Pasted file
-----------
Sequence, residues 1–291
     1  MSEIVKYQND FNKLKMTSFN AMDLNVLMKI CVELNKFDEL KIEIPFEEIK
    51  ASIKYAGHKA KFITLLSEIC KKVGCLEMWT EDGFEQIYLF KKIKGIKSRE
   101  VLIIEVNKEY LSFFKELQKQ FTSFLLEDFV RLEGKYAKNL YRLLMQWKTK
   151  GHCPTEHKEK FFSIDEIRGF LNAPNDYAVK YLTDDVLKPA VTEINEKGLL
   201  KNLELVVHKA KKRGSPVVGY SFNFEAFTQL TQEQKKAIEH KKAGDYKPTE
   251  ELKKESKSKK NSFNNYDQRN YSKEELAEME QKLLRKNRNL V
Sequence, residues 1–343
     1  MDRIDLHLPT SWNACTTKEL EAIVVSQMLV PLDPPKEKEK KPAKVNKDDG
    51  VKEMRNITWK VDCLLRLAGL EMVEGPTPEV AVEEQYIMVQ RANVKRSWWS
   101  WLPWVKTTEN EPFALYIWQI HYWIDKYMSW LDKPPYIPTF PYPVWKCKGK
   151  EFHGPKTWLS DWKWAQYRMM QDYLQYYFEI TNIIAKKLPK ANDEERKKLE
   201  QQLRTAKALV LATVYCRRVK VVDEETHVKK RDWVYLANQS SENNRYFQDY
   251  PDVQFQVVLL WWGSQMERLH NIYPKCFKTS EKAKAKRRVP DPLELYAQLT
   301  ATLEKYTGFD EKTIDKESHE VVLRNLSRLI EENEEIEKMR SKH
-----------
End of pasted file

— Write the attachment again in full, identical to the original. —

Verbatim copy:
Sequence, residues 1–291
     1  MSEIVKYQND FNKLKMTSFN AMDLNVLMKI CVELNKFDEL KIEIPFEEIK
    51  ASIKYAGHKA KFITLLSEIC KKVGCLEMWT EDGFEQIYLF KKIKGIKSRE
   101  VLIIEVNKEY LSFFKELQKQ FTSFLLEDFV RLEGKYAKNL YRLLMQWKTK
   151  GHCPTEHKEK FFSIDEIRGF LNAPNDYAVK YLTDDVLKPA VTEINEKGLL
   201  KNLELVVHKA KKRGSPVVGY SFNFEAFTQL TQEQKKAIEH KKAGDYKPTE
   251  ELKKESKSKK NSFNNYDQRN YSKEELAEME QKLLRKNRNL V
Sequence, residues 1–343
     1  MDRIDLHLPT SWNACTTKEL EAIVVSQMLV PLDPPKEKEK KPAKVNKDDG
    51  VKEMRNITWK VDCLLRLAGL EMVEGPTPEV AVEEQYIMVQ RANVKRSWWS
   101  WLPWVKTTEN EPFALYIWQI HYWIDKYMSW LDKPPYIPTF PYPVWKCKGK
   151  EFHGPKTWLS DWKWAQYRMM QDYLQYYFEI TNIIAKKLPK ANDEERKKLE
   201  QQLRTAKALV LATVYCRRVK VVDEETHVKK RDWVYLANQS SENNRYFQDY
   251  PDVQFQVVLL WWGSQMERLH NIYPKCFKTS EKAKAKRRVP DPLELYAQLT
   301  ATLEKYTGFD EKTIDKESHE VVLRNLSRLI EENEEIEKMR SKH